With the Rio Olympics just over the horizon in 2016, the composition ofthe Great Britain road and track cycling teams is forcing some tough decisionsto be made by our top stars, as they decide how best or even whether to pursuetheir Olympic dreams. For two of our most popular cyclists, both former BBC SportsPersonalities of the Year, it seems to be time to make their plans clear, asboth Sir Bradley Wiggins and Mark Cavendish have discussed their futures.

Cavendish is the hero of the small island of the Isle of Man who for along time was the undisputed sprint king on the roads, as he swept to stage winafter stage win in the Tour de France.

Who will ever forget the wondrous sightof the Manx Missile on the Avenue des Champs-Elysees as he stepped out frombehind his lead man’s wheel and stormed to last stage victory four years insuccession. In total he has amassed a quite staggering 25 individual stage winsat LeTour and a further 15 stage wins at the Giro d’Italia during anamazing career to date.

Yet, despite all his success on the roads (including the prestigiousWorld road title in 2011 in Copenhagen), a medal at the Olympics has so fareluded him. He competed in Beijing in 2008 on the track without luck, but thenturned to the road race for London in 2012 where a strong GB team was assembledaround him, but again the race did not go his way, as he trailed in a modest 29thplace.

With another opportunity to close that gap in his distinguished CV soclose at hand, he had initially suggested a track return was feasible but it nowseems that he has resigned himself to not participating in Rio after all. Theroad race in Brazil is on a hilly course that would not be best suited to aconfirmed sprinter such as himself, whereas in order to qualify for the trackraces he would require (what he feels as) unreasonable flexibility from hiscurrent road team, the Belgians Etixx-Quick-Step to release him for sufficient WorldCup events.

He seems to be stuck with the day job for now, given that there arebetter time trial exponents than him, the only other race he could have reasonablyconsidered.

It is a great pity, considering the devotion and dedication that “Cav”has given to the sport, but he feels that the way that cycling is currently setup, then the options for cyclists being employed by road racing teams arelimited when it comes to track cycling.

At 29, he knows that another Olympicsafter Rio would be a long shot in the extreme to further his ambitions, yet hisdesire to compete was evident as he commentated for the BBC during the lastOlympics. It prompted him to seriously consider his options four years on, butit now seems that time has run out.

By contrast, Wiggins seems to be going full steam ahead for what issurely to be his final crack at the Olympics. He has announced the launch of ‘TeamWiggins’ (track and road cycling team) to enable him to qualify for the track cyclingin Rio where he has had so much Olympic success in the past, and to also allowyoung British riders such as Andy Tennant, Steven Burke and Owain Doull to flourish.Importantly, British Cycling have given their backing to the new team, althoughit will operate outside of their remit.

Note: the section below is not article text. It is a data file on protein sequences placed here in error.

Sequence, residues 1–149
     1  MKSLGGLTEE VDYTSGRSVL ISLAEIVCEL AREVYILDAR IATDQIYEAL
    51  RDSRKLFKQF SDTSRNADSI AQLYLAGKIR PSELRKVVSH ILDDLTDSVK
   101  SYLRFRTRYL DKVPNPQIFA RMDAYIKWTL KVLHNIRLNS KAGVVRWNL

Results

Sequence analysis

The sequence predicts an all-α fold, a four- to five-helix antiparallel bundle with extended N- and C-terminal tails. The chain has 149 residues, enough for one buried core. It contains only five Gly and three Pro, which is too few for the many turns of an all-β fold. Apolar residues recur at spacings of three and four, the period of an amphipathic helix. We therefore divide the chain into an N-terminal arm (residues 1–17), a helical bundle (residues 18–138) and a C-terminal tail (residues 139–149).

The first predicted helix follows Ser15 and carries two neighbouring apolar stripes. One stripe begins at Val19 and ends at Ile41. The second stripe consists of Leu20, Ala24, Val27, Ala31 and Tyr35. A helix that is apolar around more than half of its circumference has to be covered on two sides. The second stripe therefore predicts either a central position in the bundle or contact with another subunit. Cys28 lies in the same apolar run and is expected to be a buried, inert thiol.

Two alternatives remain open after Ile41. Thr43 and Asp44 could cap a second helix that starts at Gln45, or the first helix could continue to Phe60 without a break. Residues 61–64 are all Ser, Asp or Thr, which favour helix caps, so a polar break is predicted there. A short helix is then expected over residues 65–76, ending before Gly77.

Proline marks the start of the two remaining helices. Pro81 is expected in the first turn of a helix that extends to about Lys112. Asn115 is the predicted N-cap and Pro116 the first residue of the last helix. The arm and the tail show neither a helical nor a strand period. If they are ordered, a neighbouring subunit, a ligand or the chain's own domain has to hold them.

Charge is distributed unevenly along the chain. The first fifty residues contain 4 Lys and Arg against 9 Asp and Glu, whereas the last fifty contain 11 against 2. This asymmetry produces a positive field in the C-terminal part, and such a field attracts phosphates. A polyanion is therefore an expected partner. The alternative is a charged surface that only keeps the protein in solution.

Up until April, Wiggins will see outhis existing contract with Team Sky.

Wiggins can boast the ultimate cycling prize of overall victory at theTour de France in 2012, becoming the first Brit to achieve that, besides a Worldtime trial title last year when he finally overcame arguably the greatest riderin that classification, the German Tony Martin.

In addition, he already has seven Olympic medals (including four golds)in his swelling kit bag, something that Cavendish is surely envious of. He alsoknows that he needs just one more Olympic medal to become the most decoratedBritish athlete of all time.

At 34, Wiggins is reaching the end of his career, but seems determinedto have several last ‘hurrahs’ on the way, with another target being theindividual world hour record this year.

Cavendish and Wiggins actually competed together at Beijing in theMadison event and went into the competition with genuine medal hopes, havingwon the world title in the past. Wiggins had the legacy of other strenuous eventsalready in his legs though and try as he might, could not force the pacesufficiently to get them on to the rostrum as they faded to only ninth. In theaftermath, the two friends fell out dramatically with each other and would nottalk together for months.

Cavendish will continue his road commitments this season as he onceagain targets the Giro d’Italia and Le Tour. The other sprinters seem to havecaught him up these days, but who would bet against him adding one or two morestage wins to his existing haul along the way, although he will still harbourregrets over the Olympic medals that got away it seems.